16 years after his fingers were mutilated by a shredder, he is ready to start college.
Published on: 09-05-2022
Eighteen-year-old Tanner McMullin is off to college, grateful that his mother sought a second opinion at Loma Linda University Health following a traumatic accident as a toddler that mutilated parts of his fingers.
His mother, Heidi McMullin, would protect her children at all costs. So, panic settled in years ago the second she saw that her 17-month-old son had caught his hand in a paper shredder. The accident left Heidi wondering, could her son ever live a normal life?
Heidi had brought home an office-grade paper shredder that was classified as safe for home use. She took 17-month-old Tanner to the shredder and gauged whether his tiny fingers could fit in the openings. After deciding they would not, she began shredding household items.
“You hear stories, and I was kind of freaked out about the shredder from the start. I thought I was being proactive by making sure his hands didn’t fit and unplugging it when it wasn’t used,” Heidi said.
Tanner already had a close bond with his mother and stayed close to his mom’s side. Tanner stayed uninterested in the housekeeping chore until he tried to help Heidi when she turned to grab another stack of papers.
“There was blood everywhere. I screamed for my husband, grabbed Tanner, and saw his mutilated little fingers,” Heidi recalled with tears in her eyes.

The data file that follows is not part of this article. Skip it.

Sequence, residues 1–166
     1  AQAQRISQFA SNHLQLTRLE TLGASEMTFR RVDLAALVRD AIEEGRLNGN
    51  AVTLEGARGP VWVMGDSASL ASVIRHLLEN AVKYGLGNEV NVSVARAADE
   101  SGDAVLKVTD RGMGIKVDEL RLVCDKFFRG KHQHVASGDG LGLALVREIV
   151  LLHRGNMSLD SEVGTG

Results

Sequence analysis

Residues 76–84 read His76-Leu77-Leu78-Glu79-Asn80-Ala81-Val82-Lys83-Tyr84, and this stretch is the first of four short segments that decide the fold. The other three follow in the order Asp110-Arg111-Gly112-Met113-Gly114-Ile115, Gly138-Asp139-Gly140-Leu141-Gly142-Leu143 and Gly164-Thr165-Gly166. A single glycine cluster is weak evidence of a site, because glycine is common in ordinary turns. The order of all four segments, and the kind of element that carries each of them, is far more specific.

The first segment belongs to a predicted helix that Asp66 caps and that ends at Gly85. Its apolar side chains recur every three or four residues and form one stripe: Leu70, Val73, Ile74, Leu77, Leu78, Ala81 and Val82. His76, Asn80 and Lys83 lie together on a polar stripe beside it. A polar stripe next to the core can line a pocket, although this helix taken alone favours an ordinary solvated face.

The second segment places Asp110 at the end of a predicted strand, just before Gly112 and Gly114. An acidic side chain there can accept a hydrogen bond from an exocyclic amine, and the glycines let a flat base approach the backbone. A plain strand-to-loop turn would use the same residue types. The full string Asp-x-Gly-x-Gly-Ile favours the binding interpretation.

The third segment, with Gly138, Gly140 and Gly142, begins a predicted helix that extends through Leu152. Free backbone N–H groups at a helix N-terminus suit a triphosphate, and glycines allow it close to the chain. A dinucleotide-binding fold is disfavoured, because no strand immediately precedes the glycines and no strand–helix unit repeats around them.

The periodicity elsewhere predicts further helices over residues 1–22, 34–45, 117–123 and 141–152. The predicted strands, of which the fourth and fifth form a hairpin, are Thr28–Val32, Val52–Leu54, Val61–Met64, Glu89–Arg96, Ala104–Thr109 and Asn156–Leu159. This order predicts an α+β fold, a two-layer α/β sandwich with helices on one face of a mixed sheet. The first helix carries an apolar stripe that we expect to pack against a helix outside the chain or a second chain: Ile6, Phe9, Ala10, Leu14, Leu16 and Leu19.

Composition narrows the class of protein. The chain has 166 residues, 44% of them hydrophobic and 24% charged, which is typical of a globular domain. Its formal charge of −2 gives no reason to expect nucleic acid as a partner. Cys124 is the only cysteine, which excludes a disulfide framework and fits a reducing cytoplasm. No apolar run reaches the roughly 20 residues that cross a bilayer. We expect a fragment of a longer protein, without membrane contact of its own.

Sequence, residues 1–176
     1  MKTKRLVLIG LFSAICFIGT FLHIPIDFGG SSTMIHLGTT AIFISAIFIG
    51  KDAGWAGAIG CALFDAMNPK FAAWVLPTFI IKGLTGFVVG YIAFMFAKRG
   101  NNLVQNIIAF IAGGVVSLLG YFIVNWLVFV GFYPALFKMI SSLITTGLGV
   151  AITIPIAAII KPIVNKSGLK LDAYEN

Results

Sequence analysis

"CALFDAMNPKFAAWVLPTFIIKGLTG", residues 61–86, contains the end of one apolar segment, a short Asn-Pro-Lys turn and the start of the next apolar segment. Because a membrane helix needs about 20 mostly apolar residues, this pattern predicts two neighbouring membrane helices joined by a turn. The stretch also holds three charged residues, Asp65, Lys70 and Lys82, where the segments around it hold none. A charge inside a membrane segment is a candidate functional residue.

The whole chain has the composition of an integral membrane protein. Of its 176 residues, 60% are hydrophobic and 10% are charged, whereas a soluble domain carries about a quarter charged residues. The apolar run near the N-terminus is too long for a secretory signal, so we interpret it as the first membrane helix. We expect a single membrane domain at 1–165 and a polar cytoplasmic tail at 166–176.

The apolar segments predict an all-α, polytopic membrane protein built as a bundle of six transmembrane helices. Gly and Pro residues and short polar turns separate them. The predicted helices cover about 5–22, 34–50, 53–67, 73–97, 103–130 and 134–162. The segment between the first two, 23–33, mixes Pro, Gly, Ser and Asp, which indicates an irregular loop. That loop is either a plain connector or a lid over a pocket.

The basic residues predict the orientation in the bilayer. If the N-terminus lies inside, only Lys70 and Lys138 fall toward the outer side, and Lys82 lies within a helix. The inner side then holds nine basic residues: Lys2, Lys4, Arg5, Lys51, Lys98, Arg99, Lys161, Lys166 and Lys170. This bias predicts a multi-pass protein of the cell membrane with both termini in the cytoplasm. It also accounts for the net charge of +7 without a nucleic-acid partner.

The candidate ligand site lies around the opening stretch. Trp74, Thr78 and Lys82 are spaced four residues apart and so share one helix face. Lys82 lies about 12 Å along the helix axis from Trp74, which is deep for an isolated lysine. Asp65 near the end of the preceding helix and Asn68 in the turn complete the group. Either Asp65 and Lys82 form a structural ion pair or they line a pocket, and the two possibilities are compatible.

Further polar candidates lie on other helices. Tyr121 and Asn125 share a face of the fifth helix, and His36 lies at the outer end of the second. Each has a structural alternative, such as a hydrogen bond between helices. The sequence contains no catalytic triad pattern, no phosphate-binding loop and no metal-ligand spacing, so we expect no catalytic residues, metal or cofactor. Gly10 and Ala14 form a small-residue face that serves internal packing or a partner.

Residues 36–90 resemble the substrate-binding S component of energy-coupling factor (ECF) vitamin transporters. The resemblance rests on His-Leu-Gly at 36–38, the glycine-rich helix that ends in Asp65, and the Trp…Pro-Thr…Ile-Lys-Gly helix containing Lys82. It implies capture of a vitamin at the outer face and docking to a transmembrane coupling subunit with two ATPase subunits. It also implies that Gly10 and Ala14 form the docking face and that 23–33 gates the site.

The McMullins couldn’t wait for an ambulance. The family of three rushed to a nearby hospital, whose faculty said Tanner’s fingers were not repairable. Heidi, headstrong and protective, knew that her son deserved more.
She remembered Loma Linda University Health offers specialized care and possible options for Tanner. Her brother-in-law, an LLUH surgical resident, pointed her to orthopaedic hand surgeon, M. Daniel Wongworawat, who just happened to be the on-call surgeon.
Both parties rushed to LLUH’s Level I trauma Center to give life back to Tanner’s hand. That same day, Tanner received reconstructive hand surgery and 22 stitches on his infant-sized fingers. After a few weeks of wearing a cast, Tanner had a second surgery on his ring finger, which had received most of the damage. Wongworawat said he could shape the finger to blend in with his other fingers.
“I am very passionate about my job. In all my patients, but especially kids so young, I will do whatever it takes to let them live a normal life — as if the accident never happened,” Wongworawat said.
Tanner is now 18 years old, very active, and has no memory of the accident or surgeries. He became involved in various sports at four years old and played baseball, hockey, basketball, and lacrosse through high school. Tanner begins his first semester of college this fall and will continue living a normal life — exactly what Heidi had hoped.
“Dr. Wongworawat must be an artist because most people never notice, and if they do, I crack jokes,” Tanner said. “I really don’t feel affected by it and hope my mom knows it truly doesn’t bother me. I’m grateful she kept looking for answers for me.”